Did you watch Dark Shadows? Is there a pie plate in your cupboard? Would you visit these places?

Thanks for coming along!

Friday, July 22, 2016

Mindful Presences

After a few work related detours, I’m back on the road again! To my delight, my first stop happens to contain more than a 100 covered bridges! Can you imagine my astonishment when I discovered there is (according to reports) at least one covered bridge still standing in at least 30 states, and I hadn’t ever seen – let alone been on – one?

It comes as no surprise that the legendary Von Trapp family chose to settle in the boreal forest ridges of Vermont where every season bursts in festive dress; as it reminded them of the Alpine setting of their homeland. Known for Dairies, lakes and Ben and Jerry’s Ice Cream, Vermont is also the largest U.S. producer of Maple syrup and (at one time) Marble; the legacy of which still remains in the form of sidewalks. Wow. 

At one time, it was illegal to tie a giraffe to a telephone pole, though other changes are slower to come about. For example, the Police Academy in the town of Pittsford has a unique recruit in the form of Nurse Mary; who’s been there since the building served as the State (mostly tuberculosis) Sanatorium.  Though Mary eventually succumbed to the disease herself, she was and evidently remains compassionate, as she reportedly continues to respond to late night buzzes on the antiquated call system installed in every room.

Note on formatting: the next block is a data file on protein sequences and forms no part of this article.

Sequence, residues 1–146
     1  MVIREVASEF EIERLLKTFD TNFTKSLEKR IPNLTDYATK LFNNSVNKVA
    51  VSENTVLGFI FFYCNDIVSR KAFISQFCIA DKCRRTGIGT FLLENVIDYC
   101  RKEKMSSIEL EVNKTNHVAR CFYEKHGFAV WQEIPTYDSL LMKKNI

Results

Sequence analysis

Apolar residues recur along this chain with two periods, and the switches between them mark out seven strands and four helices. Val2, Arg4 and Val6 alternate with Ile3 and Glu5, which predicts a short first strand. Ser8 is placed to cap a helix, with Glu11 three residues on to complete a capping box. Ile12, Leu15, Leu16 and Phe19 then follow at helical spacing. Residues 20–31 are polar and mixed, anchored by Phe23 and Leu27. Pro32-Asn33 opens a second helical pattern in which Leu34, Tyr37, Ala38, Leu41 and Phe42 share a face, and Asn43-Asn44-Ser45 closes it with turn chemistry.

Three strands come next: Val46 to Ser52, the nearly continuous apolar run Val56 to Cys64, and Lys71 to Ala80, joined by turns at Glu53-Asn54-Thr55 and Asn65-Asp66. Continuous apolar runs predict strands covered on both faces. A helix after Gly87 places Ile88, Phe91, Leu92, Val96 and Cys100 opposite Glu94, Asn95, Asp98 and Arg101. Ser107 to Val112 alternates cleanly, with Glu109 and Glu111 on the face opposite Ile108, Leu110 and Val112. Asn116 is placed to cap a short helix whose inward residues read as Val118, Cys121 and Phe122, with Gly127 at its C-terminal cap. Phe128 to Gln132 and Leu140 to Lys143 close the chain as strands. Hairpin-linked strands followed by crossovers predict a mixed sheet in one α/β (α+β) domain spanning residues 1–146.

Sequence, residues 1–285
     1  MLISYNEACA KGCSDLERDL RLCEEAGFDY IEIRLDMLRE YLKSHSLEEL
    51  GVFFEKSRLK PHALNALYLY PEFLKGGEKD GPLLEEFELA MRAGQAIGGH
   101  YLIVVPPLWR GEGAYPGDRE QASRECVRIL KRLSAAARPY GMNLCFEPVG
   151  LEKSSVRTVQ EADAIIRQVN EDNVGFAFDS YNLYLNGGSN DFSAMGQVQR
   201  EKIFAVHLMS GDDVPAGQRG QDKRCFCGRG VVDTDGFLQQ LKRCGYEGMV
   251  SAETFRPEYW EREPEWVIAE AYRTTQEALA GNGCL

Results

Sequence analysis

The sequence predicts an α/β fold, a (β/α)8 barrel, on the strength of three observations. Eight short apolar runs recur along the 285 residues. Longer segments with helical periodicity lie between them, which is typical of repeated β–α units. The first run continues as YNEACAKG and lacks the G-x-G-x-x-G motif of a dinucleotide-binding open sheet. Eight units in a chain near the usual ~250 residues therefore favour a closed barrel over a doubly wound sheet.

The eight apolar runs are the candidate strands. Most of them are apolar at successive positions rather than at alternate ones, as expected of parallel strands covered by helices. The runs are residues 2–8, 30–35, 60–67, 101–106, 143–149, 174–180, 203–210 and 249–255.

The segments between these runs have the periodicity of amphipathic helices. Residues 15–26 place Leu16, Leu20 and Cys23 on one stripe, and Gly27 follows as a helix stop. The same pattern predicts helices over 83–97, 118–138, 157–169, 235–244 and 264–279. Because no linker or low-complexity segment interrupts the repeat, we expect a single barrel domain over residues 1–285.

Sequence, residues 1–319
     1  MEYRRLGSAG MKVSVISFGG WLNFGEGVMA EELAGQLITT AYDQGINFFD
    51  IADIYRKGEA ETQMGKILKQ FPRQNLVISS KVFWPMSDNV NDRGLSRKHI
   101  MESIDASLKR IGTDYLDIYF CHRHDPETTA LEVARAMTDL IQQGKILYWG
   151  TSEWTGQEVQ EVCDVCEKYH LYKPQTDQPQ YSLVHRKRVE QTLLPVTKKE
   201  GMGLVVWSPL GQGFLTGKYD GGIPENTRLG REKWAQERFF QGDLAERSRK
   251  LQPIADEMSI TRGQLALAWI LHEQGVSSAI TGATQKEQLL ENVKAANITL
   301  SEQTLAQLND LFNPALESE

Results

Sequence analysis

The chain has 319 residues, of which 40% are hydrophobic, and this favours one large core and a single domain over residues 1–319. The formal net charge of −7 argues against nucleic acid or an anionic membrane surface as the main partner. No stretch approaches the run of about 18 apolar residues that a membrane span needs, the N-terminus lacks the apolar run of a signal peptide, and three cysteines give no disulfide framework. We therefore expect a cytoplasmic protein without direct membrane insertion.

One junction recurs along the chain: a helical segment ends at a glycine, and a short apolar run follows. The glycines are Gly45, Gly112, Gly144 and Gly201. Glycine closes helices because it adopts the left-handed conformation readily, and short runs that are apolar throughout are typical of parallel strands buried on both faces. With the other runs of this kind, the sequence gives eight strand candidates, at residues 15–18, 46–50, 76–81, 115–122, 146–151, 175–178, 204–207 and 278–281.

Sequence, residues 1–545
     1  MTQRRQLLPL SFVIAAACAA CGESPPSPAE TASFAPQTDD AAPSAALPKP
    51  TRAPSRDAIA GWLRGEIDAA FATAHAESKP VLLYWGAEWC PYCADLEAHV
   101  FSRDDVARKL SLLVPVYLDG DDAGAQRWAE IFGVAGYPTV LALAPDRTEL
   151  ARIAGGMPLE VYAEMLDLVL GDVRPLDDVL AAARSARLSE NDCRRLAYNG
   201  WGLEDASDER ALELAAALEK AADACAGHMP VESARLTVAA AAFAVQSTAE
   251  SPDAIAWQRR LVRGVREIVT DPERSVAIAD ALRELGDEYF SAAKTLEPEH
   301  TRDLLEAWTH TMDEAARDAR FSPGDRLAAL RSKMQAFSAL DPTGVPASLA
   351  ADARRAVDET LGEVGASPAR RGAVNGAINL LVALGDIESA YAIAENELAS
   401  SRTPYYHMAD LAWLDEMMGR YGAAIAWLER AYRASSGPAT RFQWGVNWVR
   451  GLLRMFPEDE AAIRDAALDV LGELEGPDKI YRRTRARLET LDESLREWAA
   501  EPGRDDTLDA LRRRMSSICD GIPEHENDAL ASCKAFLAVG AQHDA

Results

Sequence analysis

Moving on to Massachusetts, there are a few special laws to be aware of, such as no Gorilla shall ride in the back seat of any car, snoring is prohibited unless windows are shut and locked, and mourners may eat no more than three sandwiches at a single wake. They may have had my next stop in mind on that last one.

Secluded in the verdant fern and grassy woodlands of Leicester is a cemetery called Spider Gates. This atmospherically pleasant place might well be a public park; if not for the dear departed resting there. The name describes entrance gates of iron that do resemble spider webs (some say sunrays), though the official name is Friends Cemetery; owned and maintained by the Quakers. There’s a well-worn path in the earth around the grave of Marmaduke Earl, where walking ten times around at midnight is said to bring good favor and sometimes whispers from the spirit himself! Beyond the majestic hanging tree and alter, the low stone wall which surrounds the cemetery is often dotted with assorted coins for the ferryman; as it and stands before the path to Kettle brook, rumored to actually be the River Styx

Is there a covered bridge in your state? Have you been or would you visit either of these places? What would you say or write about them?

On a stone and marble bench at Spider Gates, sweet Mary nibbles a sandwich near the headstone of her only love and fondly recalls the last kiss they shared in the shelter of Emily’s Bridge before she’d hurried off to her duties at the Sanatorium and he never made it out.

Wednesday, July 13, 2016

During the Hours of Darkness